Students Speak Up About Microaggressions 

A message from your peers 

By Savanah Tillberg, Arts and Culture Editor

As the student voice of Lakehead, The Argus strives to include the thoughts and perspectives from a broad spectrum of our school community. This week’s paper highlights racism as a prominent issue both globally, and within our own local community. The Argus interviewed students who were willing to speak up about their own experiences with racism both on and off campus, and also offer their thoughts on how we can take steps towards change. In respect for the students who wished their contributions to this article be made anonymous, the names and genders of those students will not be published.

Microaggressions, are understood by social scientists as intentional and unintentional everyday slights, either verbal, nonverbal or environmental that convey negative, offensive, and disrespectful messages to targets within marginalized groups. An international student from Pakistan remarks, “I experience instances of macroaggression almost daily on campus.” The causes of microagressions are often not derived from malicious intent by the perpetrator, instead, the actions which cause them are most frequently the products of deeply rooted socially constructed assumptions. However, these unconscious provocations cause very conscious pain and irritation to their targets. When reflecting on their experiences of microaggressions, this student noted, Honestly, I have gotten used to them now. It has almost become part of everyday life. But I stay calm and tend to ignore the person and I give them benefit of the doubt, because usually people act in a certain manner due to some hardship they are going through, at least that is my opinion.”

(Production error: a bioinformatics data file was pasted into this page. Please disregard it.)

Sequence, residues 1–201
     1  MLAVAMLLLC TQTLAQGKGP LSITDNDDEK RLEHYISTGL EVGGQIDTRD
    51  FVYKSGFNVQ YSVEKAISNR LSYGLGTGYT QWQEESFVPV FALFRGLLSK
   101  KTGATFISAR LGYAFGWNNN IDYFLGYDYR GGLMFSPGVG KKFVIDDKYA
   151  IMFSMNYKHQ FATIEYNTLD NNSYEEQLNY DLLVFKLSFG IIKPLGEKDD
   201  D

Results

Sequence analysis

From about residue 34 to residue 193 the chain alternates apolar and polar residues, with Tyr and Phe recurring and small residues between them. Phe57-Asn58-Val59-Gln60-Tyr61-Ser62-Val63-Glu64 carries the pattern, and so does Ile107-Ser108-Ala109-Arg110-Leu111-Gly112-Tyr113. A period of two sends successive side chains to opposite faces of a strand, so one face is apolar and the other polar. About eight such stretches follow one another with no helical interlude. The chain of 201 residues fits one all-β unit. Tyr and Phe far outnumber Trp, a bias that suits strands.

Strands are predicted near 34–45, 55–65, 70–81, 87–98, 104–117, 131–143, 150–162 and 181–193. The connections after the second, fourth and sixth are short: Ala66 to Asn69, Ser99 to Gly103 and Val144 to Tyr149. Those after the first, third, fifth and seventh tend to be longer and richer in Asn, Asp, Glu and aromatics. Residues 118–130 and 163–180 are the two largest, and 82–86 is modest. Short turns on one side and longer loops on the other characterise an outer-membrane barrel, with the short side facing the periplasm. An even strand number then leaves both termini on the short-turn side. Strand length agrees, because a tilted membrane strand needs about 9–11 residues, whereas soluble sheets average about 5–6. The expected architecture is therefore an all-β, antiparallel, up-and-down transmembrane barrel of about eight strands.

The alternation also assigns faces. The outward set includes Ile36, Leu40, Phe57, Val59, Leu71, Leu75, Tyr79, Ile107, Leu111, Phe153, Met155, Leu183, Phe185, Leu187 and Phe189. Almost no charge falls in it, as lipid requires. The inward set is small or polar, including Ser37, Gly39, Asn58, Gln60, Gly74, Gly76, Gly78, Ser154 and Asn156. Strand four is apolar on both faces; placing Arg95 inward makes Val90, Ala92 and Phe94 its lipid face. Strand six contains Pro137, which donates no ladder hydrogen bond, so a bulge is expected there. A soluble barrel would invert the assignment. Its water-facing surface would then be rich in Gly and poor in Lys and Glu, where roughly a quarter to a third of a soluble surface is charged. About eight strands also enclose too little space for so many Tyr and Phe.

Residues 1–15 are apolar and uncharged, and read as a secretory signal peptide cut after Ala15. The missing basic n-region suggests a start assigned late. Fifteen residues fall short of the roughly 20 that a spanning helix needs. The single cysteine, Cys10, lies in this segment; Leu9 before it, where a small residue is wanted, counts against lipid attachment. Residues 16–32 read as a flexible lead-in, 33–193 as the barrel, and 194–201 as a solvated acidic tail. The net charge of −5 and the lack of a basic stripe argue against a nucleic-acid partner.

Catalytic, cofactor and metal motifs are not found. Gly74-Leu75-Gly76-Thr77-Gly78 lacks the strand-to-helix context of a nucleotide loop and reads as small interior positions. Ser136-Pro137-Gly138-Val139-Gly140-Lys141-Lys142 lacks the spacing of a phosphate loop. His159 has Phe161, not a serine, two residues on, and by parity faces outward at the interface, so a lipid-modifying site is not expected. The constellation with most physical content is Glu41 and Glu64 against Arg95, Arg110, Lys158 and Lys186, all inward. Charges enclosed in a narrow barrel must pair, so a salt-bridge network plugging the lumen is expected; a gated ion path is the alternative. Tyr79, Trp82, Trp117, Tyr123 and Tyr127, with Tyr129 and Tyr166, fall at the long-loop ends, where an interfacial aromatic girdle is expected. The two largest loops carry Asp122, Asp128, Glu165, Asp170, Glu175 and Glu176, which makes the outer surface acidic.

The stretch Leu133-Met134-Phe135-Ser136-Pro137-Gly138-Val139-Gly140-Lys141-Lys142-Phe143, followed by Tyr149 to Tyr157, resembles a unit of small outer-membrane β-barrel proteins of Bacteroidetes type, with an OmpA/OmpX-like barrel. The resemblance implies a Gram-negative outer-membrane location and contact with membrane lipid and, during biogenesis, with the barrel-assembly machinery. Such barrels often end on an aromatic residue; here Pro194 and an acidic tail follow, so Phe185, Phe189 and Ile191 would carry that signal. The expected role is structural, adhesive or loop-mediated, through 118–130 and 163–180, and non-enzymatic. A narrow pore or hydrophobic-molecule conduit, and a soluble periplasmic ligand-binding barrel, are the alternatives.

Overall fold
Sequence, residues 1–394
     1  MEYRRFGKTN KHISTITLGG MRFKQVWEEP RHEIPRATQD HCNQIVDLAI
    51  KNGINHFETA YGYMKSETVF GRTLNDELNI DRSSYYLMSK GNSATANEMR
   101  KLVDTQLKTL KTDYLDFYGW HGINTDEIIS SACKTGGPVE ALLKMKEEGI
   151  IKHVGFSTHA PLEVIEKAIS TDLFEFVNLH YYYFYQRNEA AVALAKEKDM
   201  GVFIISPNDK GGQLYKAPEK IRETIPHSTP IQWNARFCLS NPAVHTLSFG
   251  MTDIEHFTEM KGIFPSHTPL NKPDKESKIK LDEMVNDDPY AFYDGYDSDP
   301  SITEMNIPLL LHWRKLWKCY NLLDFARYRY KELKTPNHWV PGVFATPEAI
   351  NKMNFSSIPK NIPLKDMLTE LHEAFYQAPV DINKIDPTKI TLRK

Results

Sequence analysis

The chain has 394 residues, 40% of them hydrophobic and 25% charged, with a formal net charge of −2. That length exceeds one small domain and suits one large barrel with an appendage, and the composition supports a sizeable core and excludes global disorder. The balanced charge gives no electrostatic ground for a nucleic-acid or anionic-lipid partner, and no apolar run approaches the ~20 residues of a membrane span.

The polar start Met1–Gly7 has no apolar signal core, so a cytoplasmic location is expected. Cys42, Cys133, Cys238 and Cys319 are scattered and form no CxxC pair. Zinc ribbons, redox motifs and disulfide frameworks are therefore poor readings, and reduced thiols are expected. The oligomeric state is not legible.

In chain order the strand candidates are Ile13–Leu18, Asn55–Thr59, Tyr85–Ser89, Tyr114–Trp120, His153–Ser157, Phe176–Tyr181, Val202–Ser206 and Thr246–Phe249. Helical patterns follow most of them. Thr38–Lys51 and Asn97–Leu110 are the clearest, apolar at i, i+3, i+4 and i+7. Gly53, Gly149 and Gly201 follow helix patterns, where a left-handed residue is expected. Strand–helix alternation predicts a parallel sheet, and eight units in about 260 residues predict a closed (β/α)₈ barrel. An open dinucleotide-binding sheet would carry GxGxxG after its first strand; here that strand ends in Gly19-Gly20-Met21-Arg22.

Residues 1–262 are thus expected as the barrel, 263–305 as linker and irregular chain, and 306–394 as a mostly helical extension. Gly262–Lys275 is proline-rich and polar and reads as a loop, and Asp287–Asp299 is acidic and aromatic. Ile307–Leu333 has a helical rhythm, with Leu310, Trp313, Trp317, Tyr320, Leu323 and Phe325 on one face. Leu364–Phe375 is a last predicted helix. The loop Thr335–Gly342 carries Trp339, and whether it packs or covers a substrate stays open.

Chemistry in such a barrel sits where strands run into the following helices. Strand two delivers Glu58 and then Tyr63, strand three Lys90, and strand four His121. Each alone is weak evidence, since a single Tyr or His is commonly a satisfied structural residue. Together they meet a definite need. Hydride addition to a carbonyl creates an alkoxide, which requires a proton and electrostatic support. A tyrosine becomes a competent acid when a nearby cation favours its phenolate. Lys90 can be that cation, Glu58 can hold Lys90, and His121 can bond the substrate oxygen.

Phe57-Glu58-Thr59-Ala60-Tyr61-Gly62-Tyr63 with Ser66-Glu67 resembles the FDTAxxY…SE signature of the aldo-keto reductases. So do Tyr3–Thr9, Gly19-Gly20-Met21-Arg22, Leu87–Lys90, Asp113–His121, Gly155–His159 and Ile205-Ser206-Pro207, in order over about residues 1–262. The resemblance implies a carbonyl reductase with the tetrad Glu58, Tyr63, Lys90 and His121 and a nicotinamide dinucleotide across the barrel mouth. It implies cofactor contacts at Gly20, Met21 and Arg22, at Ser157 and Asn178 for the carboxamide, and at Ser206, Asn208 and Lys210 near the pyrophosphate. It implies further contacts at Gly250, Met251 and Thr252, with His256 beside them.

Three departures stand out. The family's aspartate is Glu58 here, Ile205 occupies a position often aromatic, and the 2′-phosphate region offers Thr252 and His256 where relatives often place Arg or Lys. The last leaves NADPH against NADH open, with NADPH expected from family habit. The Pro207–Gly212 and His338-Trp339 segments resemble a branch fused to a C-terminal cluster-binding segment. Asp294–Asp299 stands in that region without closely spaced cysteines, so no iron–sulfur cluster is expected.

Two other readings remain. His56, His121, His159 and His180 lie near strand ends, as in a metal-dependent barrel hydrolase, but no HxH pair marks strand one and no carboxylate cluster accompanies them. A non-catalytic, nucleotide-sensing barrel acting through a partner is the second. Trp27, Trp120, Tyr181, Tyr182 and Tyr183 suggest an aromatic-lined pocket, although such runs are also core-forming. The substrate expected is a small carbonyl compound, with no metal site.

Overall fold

A student from India said,I’ve definitely had experiences with microaggressions. When I’m meeting people and I have a conversation with them, and I tell them that I’m Indian, sometimes I can see [their] reactions [that] they don’t believe me… because maybe I don’t look like a stereotypical Indian. One student said to me, ‘well you don’t look like an Indian, you look more mixed race’.” This student continued to explain to The Argus that it’s not appropriate for other people to define you before you define yourself. Responding to such remarks can be equally as challenging as receiving them. This student shared their approach: I don’t usually like to be in a conflict, but I [do] like to correct people [in a] polite way – so I’d tell them I’m Indian and that lots of people in India have [varying] skin tones.”

This student explained that the most common way in which they’ve personally experienced microaggressions is through the outlandish questions they are often asked. “I was working in a small town with [very few] visible minorities,” they explained, “and my boss …one minute after I met him, he asked ‘oh, so are you Hindu?’’ The inherently personal nature of that question caught the student off guard, and they continued, “I wouldn’t ask just anybody if they’re Christian… It’s a personal question. What if I’m not? What if I’m an atheist?” In fact, this particular student has faced no shortage of misguided questions. They told The Argus, “some people ask questions that are so weird, and so personal and I’m just not sure how to answer [them]. For example, I remember that there was this lady on campus that I knew, and she just asked me ‘oh, so are you going to get an arranged marriage?’” The student explained that such choices like that are deeply personal and are reflections of stereotypes that are widely divorced from a genuine understanding of the particular experiences of individuals. This student suggests that people try to imagine someone asking themselves the same question they are about to ask someone else, or the same statement they are about to make, in an attempt to think about their own feelings in that situation.